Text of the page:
Kobe Bryant in ‘The Call of Duty’ Ad: What Is the Right Thing To Do?

Seem familiar? It should. It’s the new Call of Duty: Black Ops by Activision and TreyArch.

After Infinity Ward got knocked off the development of the new C.O.D. franchise, TreyArch hauled ass to prove that they can still deliver an award-winning title.

It’s no surprise that they spent a pretty penny on marketing; by getting Kobe Bryant to appear in their new commercial, along with Jimmy Kimmel.

My initial reaction was…cool. I thought it was a clever commercial, considering I’m a film major myself. It shows everyday people, with their everyday work-hats on and wielding guns in an intense war-zone, to imply that people of all age, sex, race and status will be playing Call of Duty. No harm in that, right?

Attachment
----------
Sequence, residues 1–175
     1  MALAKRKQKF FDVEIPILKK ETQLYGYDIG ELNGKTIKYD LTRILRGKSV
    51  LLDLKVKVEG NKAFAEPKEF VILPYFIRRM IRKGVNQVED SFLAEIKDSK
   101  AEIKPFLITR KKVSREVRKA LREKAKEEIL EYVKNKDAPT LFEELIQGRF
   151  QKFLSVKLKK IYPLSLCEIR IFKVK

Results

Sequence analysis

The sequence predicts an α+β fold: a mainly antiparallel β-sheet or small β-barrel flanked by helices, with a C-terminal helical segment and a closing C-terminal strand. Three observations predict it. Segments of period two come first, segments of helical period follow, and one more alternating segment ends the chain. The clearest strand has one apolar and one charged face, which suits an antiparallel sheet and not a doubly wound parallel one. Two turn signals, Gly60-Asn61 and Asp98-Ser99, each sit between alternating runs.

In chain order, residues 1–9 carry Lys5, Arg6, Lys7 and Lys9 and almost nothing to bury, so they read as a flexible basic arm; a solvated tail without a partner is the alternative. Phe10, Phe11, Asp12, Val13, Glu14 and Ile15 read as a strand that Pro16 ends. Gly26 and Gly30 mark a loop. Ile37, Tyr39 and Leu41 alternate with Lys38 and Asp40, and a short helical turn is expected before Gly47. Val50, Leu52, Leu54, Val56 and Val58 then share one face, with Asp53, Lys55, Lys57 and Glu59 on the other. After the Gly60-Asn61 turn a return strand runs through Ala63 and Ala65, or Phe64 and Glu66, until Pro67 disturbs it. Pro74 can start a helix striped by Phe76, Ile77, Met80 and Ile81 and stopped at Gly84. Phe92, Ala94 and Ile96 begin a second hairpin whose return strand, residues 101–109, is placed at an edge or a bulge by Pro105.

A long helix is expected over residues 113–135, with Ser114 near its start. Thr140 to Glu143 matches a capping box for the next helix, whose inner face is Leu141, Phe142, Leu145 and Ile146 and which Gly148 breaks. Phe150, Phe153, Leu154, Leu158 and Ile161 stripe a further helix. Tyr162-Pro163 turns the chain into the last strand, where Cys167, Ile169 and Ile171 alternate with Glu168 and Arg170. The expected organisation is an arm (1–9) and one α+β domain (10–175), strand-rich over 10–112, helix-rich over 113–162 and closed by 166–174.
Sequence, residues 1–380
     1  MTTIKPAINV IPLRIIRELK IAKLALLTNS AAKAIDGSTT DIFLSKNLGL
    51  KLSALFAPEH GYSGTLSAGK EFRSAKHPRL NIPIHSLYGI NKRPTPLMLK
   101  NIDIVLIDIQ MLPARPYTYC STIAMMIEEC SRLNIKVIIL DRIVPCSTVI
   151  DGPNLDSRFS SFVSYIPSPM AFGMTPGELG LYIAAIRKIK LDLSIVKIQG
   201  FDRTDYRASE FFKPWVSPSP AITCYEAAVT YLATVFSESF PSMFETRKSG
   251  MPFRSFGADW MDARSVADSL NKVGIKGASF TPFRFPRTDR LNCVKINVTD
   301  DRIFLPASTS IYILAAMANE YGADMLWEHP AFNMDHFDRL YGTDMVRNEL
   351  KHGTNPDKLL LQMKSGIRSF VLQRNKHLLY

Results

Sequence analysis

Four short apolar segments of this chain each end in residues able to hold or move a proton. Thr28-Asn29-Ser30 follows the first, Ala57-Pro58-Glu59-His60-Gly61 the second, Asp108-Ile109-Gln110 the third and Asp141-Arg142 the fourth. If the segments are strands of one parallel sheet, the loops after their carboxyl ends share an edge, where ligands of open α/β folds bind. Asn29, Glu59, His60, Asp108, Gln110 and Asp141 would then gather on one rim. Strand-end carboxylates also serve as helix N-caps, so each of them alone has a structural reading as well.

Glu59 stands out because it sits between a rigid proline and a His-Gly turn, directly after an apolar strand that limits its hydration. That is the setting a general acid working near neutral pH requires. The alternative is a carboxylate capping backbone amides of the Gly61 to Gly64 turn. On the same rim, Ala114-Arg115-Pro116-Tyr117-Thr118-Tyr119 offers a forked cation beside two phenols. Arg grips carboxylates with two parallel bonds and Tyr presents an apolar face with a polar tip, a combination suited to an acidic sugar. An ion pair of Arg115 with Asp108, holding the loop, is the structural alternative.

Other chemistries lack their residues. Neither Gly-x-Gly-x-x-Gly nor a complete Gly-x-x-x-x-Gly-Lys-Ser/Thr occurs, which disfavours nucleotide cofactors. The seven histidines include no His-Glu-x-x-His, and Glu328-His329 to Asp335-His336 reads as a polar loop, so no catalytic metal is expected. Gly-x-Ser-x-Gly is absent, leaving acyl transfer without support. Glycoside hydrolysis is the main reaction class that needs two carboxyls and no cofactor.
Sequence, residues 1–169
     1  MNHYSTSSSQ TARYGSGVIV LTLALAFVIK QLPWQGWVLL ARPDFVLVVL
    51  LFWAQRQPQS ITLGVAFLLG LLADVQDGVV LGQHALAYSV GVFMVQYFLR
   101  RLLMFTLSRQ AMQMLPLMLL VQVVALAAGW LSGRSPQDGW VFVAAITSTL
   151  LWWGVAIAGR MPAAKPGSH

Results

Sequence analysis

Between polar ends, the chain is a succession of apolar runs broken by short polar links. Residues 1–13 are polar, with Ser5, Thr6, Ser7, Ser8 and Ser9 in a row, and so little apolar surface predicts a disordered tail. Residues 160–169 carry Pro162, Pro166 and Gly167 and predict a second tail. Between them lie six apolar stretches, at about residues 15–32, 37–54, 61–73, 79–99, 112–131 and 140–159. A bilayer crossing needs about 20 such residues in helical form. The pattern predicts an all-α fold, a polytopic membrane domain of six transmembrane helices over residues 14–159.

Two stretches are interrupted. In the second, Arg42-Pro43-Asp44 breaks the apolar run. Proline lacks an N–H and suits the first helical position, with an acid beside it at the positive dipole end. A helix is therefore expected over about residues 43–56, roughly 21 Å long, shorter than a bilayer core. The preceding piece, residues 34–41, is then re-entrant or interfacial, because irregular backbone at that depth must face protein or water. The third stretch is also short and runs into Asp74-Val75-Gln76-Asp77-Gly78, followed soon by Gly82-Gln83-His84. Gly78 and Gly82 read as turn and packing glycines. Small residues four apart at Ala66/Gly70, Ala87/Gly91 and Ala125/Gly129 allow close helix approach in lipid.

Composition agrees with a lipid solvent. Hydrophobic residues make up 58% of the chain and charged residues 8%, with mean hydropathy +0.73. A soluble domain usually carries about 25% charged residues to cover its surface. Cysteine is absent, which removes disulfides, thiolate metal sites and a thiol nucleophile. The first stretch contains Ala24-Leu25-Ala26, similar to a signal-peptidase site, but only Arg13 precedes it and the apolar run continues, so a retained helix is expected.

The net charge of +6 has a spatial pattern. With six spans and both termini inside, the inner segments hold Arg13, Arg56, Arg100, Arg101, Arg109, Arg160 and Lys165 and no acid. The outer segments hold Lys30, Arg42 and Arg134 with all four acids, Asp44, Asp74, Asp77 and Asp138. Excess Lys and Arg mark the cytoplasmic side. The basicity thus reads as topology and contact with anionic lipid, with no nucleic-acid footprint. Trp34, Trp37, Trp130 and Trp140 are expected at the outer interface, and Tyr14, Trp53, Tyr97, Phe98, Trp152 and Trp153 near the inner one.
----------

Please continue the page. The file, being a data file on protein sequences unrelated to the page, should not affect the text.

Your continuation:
Well, for one, Bomani Jones and Skip Bayless from ESPN disagree. So do Matt Moore of CBSSports, Mark Medina of L.A. Times, and many more who will gladly jump on the bandwagon.

“It’s OK for [Bryant], though, because he’s never had to worry about going home to the ghetto. That ain’t his world.” – Walker

In an article by Tim Keown of ESPN, he interviews a youth football coach, Todd Walker, who also happens to be fighting the gun and violence culture. Todd is shocked by Bryant’s appearance in the new Call of Duty TV spot.

Part of it has to do with the fact that one of his players was shot in the head at a friend’s house. Tragic? Without a doubt. But are violent video games the cause for senseless violence? Well, I think we’re jumping the gun here.

Sure, it’s not exactly promoting world peace. With games like Grand Theft Auto programming hidden “missions” like Hot Coffee, where the player engages in sex with a prostitute, I can’t exactly defend the path that the video game industry has embarked on.

Recently, there was even a game released in Japan, where it encourag...

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